Saturday, March 30, 2013

Christopher Mims — The Internet Is Making Us Poor [Unequal]

This is an important article. It's a bit longish, so I've pulled out the essence. But I suggest you read the whole thing. This is about the transition to the Information Age and knowledge society from the Industrial Age and factory society, which in turn replaced the Agricultural Age and farm society. What's left for workers who are not knowledge workers in the Information Age is service work that cannot be profitably automated, computerized, or robotized.
One thing all our machines have accomplished, and especially the internet, is the ability to reproduce and distribute good work in record time. Barring market distortions like monopolies, the best software, media, business processes and, increasingly, hardware, can be copied and sold seemingly everywhere at once. This benefits “superstars”—the most skilled engineers or content creators. And it benefits the consumer, who can expect a higher average quality of goods.
But it can also exacerbate income inequality, says Brynjolfsson. This contributes to a phenomenon called “skill-biased technological [or technical] change.” “The idea is that technology in the past 30 years has tended to favor more skilled and educated workers versus less educated workers,” says Brynjolfsson. “It has been a complement for more skilled workers. It makes their labor more valuable. But for less skilled workers, it makes them less necessary—especially those who do routine, repetitive tasks.”
The result is that, with the aid of machines, productivity increases—the overall economic pie gets bigger—but that’s small consolation if all but a few workers are getting a smaller slice. “Certainly the labor market has never been better for very highly-educated workers in the United States, and when I say never, I mean never,” MIT labor economist David Autor told American Public Media’s Marketplace.
The other winners in this scenario are anyone who owns capital. Only about half of Americans own stock at all, and as more companies are taken private or never go public, more and more of that wealth is concentrated in the hands of fewer and fewer people. As Paul Krugman wrote, “This is an old concern in economics; it’s “capital-biased technological change”, which tends to shift the distribution of income away from workers to the owners of capital.”...
“The spread of computers and the Internet will put jobs in two categories,” said Andreessen. “People who tell computers what to do, and people who are told by computers what to do.” It’s a glib remark—but increasingly true....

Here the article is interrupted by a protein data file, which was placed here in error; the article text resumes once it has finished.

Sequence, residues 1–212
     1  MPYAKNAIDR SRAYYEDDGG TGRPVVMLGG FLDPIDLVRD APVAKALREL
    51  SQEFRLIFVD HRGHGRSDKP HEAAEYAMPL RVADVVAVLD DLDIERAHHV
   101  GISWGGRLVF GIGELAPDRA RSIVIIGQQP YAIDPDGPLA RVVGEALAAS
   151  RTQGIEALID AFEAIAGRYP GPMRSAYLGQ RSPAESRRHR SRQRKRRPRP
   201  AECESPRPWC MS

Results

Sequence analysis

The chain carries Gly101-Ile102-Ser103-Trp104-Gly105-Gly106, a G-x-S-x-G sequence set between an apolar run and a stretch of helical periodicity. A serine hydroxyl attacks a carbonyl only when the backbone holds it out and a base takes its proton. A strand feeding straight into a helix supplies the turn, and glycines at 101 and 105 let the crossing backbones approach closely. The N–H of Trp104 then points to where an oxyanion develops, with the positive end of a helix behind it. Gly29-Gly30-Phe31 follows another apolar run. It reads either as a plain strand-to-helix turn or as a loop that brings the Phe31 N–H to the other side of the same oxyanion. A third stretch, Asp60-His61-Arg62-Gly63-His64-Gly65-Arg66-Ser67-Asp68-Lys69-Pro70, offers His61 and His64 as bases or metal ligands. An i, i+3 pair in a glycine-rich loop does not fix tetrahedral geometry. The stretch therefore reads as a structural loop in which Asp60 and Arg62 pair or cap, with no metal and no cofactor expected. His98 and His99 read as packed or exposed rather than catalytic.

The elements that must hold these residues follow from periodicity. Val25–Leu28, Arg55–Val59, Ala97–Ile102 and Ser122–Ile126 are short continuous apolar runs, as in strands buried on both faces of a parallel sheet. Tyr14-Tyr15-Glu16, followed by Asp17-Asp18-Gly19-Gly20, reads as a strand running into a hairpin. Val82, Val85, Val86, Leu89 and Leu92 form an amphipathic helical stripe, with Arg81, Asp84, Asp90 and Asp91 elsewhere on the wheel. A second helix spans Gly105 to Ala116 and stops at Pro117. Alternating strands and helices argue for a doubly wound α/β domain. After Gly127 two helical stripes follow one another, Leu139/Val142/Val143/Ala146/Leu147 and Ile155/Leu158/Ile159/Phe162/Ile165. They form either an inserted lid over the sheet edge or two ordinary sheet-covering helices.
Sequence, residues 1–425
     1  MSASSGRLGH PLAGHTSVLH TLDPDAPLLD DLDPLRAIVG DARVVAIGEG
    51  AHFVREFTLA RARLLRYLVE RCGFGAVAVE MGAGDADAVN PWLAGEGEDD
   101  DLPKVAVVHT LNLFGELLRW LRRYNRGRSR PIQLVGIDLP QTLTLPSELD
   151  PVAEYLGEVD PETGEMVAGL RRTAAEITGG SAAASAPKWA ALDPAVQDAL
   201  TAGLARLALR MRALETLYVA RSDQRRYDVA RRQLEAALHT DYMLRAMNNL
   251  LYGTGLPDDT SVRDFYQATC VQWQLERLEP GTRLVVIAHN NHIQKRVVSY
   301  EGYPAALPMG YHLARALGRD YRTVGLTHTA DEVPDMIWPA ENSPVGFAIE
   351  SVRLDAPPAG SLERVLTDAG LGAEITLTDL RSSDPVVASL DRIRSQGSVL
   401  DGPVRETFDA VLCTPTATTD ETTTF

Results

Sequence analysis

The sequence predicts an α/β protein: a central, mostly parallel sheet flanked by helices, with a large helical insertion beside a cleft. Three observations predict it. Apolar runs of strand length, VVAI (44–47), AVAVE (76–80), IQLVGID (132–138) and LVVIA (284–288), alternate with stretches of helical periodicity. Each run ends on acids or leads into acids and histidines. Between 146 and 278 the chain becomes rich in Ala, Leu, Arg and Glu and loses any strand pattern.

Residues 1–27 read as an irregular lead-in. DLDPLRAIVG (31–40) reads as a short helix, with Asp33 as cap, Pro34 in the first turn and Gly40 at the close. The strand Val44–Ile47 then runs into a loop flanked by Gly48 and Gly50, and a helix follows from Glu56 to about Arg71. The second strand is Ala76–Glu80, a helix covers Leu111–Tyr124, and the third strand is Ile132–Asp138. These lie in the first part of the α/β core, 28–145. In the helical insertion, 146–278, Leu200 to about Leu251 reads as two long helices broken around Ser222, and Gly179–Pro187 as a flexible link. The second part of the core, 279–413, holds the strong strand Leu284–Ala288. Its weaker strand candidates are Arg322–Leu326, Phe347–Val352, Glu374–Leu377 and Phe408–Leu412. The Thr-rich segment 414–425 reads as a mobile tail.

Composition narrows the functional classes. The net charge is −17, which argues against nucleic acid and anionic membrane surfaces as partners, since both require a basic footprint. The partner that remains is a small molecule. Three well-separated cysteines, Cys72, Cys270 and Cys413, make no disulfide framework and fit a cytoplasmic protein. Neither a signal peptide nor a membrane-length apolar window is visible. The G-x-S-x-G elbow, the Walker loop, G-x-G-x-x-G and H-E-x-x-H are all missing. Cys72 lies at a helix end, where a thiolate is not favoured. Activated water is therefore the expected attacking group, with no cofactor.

History is littered with technological transitions. Many of them seemed at the time to threaten mass unemployment of one type of worker or another, whether it was buggy whip makers or, more recently, travel agents. But here’s what’s different about information-processing jobs: The takeover by technology is happening much faster.
From 2000 to 2007, in the years leading up to the great recession, GDP and productivity in the US grew faster than at any point since the 1960s, but job creation did not keep pace. Brynjolfsson thinks he knows why: More and more people were doing work aided by software. And during the great recession, employment growth didn’t just slow. As we saw above, in both manufacturing and information processing, the economy shed jobs, even as employment in the service sector and professional fields remained flat.
Especially in the past ten years, economists have seen a reversal of what they call “the great compression“—that period from the second world war through the 1970s when, in the US at least, more people were crowded into the ranks of the middle class than ever before. There are many reasons why the economy has reversed this “compression,” transforming into an “hourglass economy” with many fewer workers in the middle class and more at either the high or the low end of the income spectrum. But whatever those forces, they are clearly being exacerbated by technological change.
The hourglass represents an income distribution that has been more nearly the norm for most of the history of the US. That it’s coming back should worry anyone who believes that a healthy middle class is an inevitable outcome of economic progress, a mainstay of democracy and a healthy society, or a driver of further economic development.
Business Insider
The Internet Is Making Us Poor
Christopher Mims, Quartz
(h/t Yves Smith at Naked Capitalism)

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